Protecting Rivers Only Makes Sense
by Glen Spain, Guest comment
Capital Press, September 12, 2008
In response to the recent guest column by Jay Vroom of CropLife America (Capital Press, Aug. 22), we are glad Mr. Vroom believes, as we do, that efforts to prevent the exposure of threatened and endangered salmon runs to pesticides and other chemicals should be based on the best available science.
He should therefore welcome the National Marine Fisheries Service's recent draft biological opinion on the impacts of the chemicals chloripyrifos, diazinon and malathion on salmon, because that review is in fact based on the best available science. On that basis NMFS concluded that these three pesticides are causing problems in our rivers for endangered and threatened salmon and should be kept out of our rivers.
This is only common sense. Fortunately, there are easy and inexpensive ways to do so, including readily available alternatives to these chemicals that are less toxic to fish. The agencies also owe it to the farming community to provide the best possible guidance to them so they can effectively do what they want to do anyway - keep useful but toxic chemicals out of our public water supplies and out of our food chain.
While Mr. Vroom dismisses "NMFS science" and praises EPA's science, he should realize that not only are the agencies using essentially the same science, but that EPA has already made its own independent decision - based on the same science he touts, including dozens of studies going back decades - that these very chemicals may harm endangered salmon. When that threshold was reached, more formal consultations with NMFS were simply the next step. Working out clear ways to minimize or prevent these problems will soon follow.
And the impacts of these three chemicals affecting endangered salmon runs are not speculative, as some have claimed. They are very real - as well as pervasive.
In several studies the U.S. Geological Service has found concentrations of these and many other commonly used pesticides in numerous salmon-bearing public water ways at levels that exceed EPA's own aquatic life standards.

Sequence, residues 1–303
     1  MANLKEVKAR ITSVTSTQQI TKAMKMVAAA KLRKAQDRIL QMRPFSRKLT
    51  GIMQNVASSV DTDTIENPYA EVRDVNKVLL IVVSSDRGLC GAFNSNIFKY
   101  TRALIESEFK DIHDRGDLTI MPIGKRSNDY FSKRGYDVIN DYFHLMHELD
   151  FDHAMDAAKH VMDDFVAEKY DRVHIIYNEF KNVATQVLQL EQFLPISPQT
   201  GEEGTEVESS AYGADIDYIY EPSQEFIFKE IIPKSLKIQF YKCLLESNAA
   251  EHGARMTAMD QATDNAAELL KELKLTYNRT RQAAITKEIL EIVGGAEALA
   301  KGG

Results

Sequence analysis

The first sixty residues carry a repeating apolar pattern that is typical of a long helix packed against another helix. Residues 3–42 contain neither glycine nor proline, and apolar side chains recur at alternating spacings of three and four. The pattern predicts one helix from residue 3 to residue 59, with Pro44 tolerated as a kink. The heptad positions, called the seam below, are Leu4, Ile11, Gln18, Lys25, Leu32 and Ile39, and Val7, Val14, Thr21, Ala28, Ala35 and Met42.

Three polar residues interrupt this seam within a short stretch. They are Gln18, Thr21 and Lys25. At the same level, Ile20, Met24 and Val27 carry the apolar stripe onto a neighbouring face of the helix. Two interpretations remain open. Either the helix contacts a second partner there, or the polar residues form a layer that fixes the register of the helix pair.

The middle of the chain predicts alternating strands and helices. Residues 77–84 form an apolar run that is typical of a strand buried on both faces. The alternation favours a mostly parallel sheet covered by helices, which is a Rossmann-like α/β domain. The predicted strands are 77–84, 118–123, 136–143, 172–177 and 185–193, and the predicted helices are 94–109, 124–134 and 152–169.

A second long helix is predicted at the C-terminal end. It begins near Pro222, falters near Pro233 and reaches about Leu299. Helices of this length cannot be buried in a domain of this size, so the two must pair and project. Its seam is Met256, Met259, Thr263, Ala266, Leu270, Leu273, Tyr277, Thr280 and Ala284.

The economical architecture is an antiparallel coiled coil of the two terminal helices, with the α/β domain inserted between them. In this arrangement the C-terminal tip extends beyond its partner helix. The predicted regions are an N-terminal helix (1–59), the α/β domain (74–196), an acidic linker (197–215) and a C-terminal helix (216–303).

A small part of these many studies can be found at pubs.usgs.gov/circ/2005/1291.
Right now, the farming community is faced with a bewildering tangle of injunctions, mandatory buffers and pesticide use labels that are so confusing and vague as to be nearly useless in keeping these chemicals out of our waterways. CropLife should welcome the upcoming NMFS biological opinions as a way to bring some order to the current chaos.
The end result of these consultations will be much clearer guidelines for farmers on how to keep these chemicals out of our rivers. This is only fair. Right now the burden of liability rests far too much on the shoulders of farmers. It should rightfully rest with the manufacturers and government agencies that should be giving farmers the clearest possible guidance on how to use these chemicals safely and effectively, as well as how to keep them from harming the nation's valuable salmon runs.
Farmers and fishermen both provide high-quality food for public consumption. The only real difference is that fishermen harvest from our oceans, while farmers harvest from the land. It just makes no sense to continue practices that allow one harvester sector to pollute the resources used by another - especially when all these problems are easily preventable.
There are many factors depressing salmon production. Every effort is being made to control those impacts that we can control in order to restore our valuable salmon runs, which in recent decades have seriously declined. There is just no point in adding preventable water pollution from farm chemicals to that long list - especially when cheaper, as well as less toxic, alternatives to these suspect chemicals already exist. Preventing these readily preventable problems is all these EPA-NMFS consultations seek to do.
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